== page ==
Top of the Market by Andrew Bary
Summary: Despite the many parallels one might draw between Blackstone's Thursday IPO and that of Google in 2004, "Blackstone isn't another Google." Despite a strong IPO ($31/share, at the high end of its range) and warm market reception (it closed Friday at $35.06), Blackstone (BX) may well disappoint. An unstoppable stock market has made persuasive buyout targets scarce, forcing firms like Blackstone to pay higher ratios and take on greater debt -- just as interest rates are mounting a charge. At $35, shares trade at 32x 2006 earnings (or 20x rumored 2008e profits of $1.75), 5x book value, and 43% of assets under management. The biggest I-banks (such as Goldman Sachs Group Inc. (GS) and Morgan Stanley (MS)) trade at an average of only 10x 2008e earnings, while asset managers like T. Rowe Price (TROW) and Franklin Resources (BEN) fetch about 18x 2008e. Blackstone's high fees, which account for most of its earnings, may be unsustainably high. And a little-noted "clawback" condition could force the fund to refund 20% incentive fees if future investments sour. Its favorable perception of its real estate portfolio seems unrealistically rosy: it still owns half of $39 billion Equity Office Properties, while REIT stocks have fallen 20% since its February purchase. Barron's says the IPO may signal a top for private equity; shares might only be worth mid-20s.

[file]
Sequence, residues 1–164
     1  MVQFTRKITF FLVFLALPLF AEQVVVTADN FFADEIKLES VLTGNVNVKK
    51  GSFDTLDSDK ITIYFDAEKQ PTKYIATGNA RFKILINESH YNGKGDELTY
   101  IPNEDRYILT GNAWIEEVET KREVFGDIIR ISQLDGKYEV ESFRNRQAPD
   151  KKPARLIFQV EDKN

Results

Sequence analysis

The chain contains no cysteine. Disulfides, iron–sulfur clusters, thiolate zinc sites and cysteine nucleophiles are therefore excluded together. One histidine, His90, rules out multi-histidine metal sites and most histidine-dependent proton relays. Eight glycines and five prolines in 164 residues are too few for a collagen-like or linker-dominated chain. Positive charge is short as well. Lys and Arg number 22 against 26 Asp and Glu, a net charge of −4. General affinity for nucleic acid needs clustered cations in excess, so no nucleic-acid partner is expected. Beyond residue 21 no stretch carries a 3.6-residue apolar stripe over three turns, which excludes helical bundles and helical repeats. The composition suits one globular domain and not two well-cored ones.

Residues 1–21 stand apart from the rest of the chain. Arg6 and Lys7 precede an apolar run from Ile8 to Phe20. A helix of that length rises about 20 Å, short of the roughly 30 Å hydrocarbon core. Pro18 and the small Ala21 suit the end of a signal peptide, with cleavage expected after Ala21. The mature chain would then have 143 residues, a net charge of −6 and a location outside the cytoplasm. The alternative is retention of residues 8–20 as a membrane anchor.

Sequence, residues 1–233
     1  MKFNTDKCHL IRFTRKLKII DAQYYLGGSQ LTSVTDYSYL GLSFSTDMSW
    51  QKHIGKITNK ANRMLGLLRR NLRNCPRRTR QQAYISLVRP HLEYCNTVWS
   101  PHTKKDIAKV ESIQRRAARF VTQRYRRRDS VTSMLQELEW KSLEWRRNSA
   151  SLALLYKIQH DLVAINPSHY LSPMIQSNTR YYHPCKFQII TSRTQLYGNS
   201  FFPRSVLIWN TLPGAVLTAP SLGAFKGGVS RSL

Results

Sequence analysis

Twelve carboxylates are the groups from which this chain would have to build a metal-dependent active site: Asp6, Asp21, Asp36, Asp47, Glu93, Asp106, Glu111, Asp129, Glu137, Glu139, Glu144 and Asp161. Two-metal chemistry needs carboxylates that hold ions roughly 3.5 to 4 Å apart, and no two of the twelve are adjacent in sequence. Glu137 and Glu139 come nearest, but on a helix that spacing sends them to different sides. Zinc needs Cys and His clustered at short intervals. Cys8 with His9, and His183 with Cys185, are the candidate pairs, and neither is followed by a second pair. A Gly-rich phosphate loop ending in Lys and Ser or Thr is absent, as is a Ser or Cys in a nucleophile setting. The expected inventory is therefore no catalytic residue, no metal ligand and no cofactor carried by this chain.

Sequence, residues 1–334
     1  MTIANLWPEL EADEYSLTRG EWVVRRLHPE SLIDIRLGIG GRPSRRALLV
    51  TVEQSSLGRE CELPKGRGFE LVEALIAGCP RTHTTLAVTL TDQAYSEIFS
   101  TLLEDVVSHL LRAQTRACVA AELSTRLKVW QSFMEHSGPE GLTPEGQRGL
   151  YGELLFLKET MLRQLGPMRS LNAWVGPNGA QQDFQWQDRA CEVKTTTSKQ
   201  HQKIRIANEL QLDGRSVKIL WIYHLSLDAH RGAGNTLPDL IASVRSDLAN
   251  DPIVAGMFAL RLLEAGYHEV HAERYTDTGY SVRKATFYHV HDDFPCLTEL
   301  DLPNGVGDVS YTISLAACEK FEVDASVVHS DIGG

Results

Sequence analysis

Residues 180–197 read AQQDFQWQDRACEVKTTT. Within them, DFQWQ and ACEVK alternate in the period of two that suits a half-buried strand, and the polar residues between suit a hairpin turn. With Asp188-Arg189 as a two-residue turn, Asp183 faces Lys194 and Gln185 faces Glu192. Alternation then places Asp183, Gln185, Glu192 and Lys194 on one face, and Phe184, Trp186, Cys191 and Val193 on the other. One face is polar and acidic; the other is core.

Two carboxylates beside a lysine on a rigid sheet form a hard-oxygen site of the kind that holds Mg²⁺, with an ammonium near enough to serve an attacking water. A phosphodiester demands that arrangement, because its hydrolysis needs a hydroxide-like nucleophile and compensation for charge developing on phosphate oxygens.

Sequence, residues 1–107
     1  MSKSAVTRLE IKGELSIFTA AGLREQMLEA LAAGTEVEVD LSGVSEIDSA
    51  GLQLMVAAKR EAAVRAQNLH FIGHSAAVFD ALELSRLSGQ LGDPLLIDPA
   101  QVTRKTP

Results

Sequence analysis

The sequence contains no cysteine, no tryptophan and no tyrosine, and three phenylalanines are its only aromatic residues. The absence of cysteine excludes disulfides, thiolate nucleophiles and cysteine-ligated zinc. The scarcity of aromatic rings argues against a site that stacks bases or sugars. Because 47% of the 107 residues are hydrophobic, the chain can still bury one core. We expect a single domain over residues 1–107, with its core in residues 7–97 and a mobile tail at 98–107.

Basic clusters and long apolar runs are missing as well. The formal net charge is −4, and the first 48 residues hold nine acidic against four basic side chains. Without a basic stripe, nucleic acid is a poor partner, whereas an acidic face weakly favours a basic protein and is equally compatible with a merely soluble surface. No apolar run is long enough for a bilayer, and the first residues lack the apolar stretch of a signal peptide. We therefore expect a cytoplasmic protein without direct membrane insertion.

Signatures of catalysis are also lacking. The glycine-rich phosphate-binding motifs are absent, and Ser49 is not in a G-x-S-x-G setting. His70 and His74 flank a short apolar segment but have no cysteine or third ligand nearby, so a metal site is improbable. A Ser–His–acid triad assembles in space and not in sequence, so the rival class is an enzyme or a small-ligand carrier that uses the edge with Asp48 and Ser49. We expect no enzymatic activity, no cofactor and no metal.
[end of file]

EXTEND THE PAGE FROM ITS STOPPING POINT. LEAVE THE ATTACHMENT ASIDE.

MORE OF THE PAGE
Related Links: The Blackstone Book • Is Blackstone Getting Ready to Open IPO Floodgates? • John Hussman: Problems With Private Equity, Blackstone? • Barron's Blackstone IPO Cover Story: Crystal Ball or Tabloid? [24/7 Wall St.]